In other words, since 2011 alleged infringers have two avenues to invalidate patent claims, either in the federal courts or at the PTAB. However, as explained below, these two avenues used different standards to interpret the meaning of a patent claim term.

Determining whether a patent is invalid or infringed often depends upon the interpretation of a term within the patent claim. Accordingly, courts and the PTAB spend a considerable amount of effort in determining the meaning of disputed patent claim terms in a process known as "claim construction." Oftentimes, the claim construction is dispositive in a patent invalidity or infringement case.

However, the vourts and the PTAB have used different claim construction standards. The courts use the Philips Standard, which provides that ordinary patent claim terms are given their ordinary and customary meaning as understood by a person of ordinary skill in the art at the time the invention was made. Under this standard, the courts look at the patent specification as well as the prosecution history of the patent, as applied for, and determine whether a claim term should be read either broadly or more narrowly.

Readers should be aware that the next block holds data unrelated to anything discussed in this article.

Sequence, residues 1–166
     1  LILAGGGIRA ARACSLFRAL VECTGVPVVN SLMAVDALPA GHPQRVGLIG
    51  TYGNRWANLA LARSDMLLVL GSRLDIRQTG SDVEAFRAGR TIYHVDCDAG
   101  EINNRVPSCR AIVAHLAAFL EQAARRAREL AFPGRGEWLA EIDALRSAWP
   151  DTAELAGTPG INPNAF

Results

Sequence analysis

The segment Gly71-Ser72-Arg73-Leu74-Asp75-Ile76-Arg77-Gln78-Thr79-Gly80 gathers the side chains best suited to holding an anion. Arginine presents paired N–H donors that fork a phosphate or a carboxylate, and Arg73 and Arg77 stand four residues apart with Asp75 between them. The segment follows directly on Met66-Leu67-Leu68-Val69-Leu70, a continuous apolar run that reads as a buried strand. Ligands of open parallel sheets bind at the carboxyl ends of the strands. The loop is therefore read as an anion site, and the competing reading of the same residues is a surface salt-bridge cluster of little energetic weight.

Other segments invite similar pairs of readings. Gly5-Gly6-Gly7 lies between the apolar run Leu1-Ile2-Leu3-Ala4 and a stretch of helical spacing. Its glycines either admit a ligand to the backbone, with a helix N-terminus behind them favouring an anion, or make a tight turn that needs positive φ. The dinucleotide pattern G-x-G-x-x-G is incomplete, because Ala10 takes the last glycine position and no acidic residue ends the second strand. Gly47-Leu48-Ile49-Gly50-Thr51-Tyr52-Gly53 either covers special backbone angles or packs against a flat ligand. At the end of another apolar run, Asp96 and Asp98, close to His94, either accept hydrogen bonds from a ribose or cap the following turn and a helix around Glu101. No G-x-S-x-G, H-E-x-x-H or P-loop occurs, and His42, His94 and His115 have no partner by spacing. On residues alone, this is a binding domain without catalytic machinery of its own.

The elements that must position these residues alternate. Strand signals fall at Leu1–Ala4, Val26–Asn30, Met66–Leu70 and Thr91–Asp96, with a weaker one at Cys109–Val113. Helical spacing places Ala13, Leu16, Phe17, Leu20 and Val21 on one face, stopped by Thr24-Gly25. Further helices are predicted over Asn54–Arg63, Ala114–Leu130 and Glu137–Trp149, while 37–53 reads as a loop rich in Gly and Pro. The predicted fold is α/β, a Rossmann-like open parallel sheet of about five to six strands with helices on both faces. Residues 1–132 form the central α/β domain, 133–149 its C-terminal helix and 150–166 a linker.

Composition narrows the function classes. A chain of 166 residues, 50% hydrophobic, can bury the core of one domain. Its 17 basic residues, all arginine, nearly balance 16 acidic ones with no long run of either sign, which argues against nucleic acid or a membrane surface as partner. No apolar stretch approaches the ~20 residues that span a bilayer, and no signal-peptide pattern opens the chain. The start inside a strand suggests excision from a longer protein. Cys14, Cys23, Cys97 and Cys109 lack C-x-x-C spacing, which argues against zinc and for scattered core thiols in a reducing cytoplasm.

Conversely, the PTAB conducts claim term interpretation using the broadest reasonable interpretation standard. Under this standard, the broadest and most reasonable claim meaning is adopted. Many times, the Philips Standard and the broadest reasonable interpretation standard result in the same claim interpretation. However, there are times when these standards justify different claim term interpretations or meanings.

Because of these different standards, a party concerned about infringing another's patent could be more likely to get a broader claim interpretation with the PTAB, as opposed to the courts thus, making it easier to invalidate the patent claim. This has resulted in situations where the alleged infringers have selected to file for an inter-parties review before the PTAB as opposed to arguing invalidity in a federal court litigation. Furthermore, the AIA provided that an accused infringer who has been sued in a court for patent infringement, has up to one year to file an inter-parties review before the PTAB after the litigation has commenced.